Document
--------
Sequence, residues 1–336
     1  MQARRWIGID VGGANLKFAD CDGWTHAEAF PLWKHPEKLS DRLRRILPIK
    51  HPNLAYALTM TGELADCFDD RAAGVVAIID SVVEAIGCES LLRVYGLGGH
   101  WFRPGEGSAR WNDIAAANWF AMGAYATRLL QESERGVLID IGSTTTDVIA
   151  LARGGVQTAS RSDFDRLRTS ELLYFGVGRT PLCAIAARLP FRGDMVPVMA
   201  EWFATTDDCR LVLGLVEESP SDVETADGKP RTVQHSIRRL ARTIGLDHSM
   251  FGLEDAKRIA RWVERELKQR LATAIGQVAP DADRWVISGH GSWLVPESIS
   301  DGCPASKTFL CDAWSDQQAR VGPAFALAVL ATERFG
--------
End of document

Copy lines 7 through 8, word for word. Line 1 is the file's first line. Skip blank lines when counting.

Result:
   251  FGLEDAKRIA RWVERELKQR LATAIGQVAP DADRWVISGH GSWLVPESIS
   301  DGCPASKTFL CDAWSDQQAR VGPAFALAVL ATERFG